• 5 minutes Trump vs. MbS
  • 9 minutes Saudis Threaten Retaliation If Sanctions are Imposed
  • 15 minutes Can the World Survive without Saudi Oil?
  • 59 mins WTI @ $75.75, headed for $64 - 67
  • 15 hours The Dirt on Clean Electric Cars
  • 6 hours Saudi-Kuwaiti Talks on Shared Oil Stall Over Chevron
  • 4 hours Closing the circle around Saudi Arabia: Where did Khashoggi disappear?
  • 5 hours The end of "King Coal" in the Wales
  • 22 hours Uber IPO Proposals Value Company at $120 Billion
  • 6 hours These are the world’s most competitive economies: US No. 1
  • 1 hour EU to Splash Billions on Battery Factories
  • 5 hours Coal remains a major source of power in Europe.
  • 1 day COLORADO FOCUS: Stocks to Watch Prior to Midterms
  • 1 hour U.N. About Climate Change: World Must Take 'Unprecedented' Steps To Avert Worst Effects
  • 13 hours Poland signs 20-year deal on U.S. LNG supplies
  • 1 day UN Report Suggests USD $240 Per Gallon Gasoline Tax to Fight Global Warming
Alt Text

Oil Markets Take A Bearish Turn

Oil markets appear to have…

Alt Text

US Demands For More Oil Could Backfire

The State Department’s request for…

Martin Tillier

Martin Tillier

More Info

Trending Discussions

Emerson Electric (EMR): Even The Opportunity For A Profit Makes Me Mad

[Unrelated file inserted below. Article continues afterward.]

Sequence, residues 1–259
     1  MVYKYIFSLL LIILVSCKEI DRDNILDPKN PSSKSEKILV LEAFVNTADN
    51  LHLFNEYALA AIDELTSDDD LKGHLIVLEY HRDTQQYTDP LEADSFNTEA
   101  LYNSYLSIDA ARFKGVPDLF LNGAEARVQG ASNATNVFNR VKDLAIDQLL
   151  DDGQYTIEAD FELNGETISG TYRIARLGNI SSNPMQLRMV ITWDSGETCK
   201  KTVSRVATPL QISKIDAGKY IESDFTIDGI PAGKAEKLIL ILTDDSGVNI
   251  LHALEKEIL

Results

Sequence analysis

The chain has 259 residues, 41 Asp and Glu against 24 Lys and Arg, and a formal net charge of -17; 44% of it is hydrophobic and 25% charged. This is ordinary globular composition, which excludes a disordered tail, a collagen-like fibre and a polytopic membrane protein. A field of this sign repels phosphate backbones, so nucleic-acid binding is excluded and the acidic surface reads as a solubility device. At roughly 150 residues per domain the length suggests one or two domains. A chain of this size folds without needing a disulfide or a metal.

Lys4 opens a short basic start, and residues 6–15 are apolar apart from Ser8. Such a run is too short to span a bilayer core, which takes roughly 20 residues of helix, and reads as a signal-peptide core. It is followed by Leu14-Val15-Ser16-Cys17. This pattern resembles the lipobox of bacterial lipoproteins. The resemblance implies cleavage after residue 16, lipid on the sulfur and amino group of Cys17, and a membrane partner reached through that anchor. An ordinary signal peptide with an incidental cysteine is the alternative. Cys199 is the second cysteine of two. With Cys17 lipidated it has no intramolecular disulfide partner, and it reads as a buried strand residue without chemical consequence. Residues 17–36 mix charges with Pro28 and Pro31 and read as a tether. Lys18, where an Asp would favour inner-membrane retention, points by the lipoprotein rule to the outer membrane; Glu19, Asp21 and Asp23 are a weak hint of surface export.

As I advance in years I find that, unlike many people, fewer things make me angry. I guess I am just coming to terms with the fact that the world doesn’t always operate in the way I think it should, but seems to be doing pretty well all the same. One thing, however, that does still stir some anger and frustration is when a corporation, or more accurately its stock, is punished for poor short term results when the long term outlook is positive. Such is the case with Emerson Electric (EMR).

When, in early August, Emerson announced their earnings and revenue for the last quarter were slightly shy of expectations the stock got punished. Then, when they announced plans to divest themselves of a part of their business that had become a drag on profitability, their power transmission business, traders once again marked the stock lower. Initially lost in all of this was that orders for the company have been growing at a steady 5-6 percent month on month for a while and look like continuing to do so.

A large part of that growth has come from their Process Management Division and more specifically from that division’s business servicing the oil & gas industry. The continued expansion of that business and the current retrofitting of many power generation plants around the U.S. both would indicate that EMR can not only sustain that level of growth, but quite possibly exceed it over the next few years.

In that case, a stock that is basically flat…

To read the full article

Please sign up and become a premium OilPrice.com member to gain access to read the full article.

RegisterLogin

Trending Discussions





Oilprice - The No. 1 Source for Oil & Energy News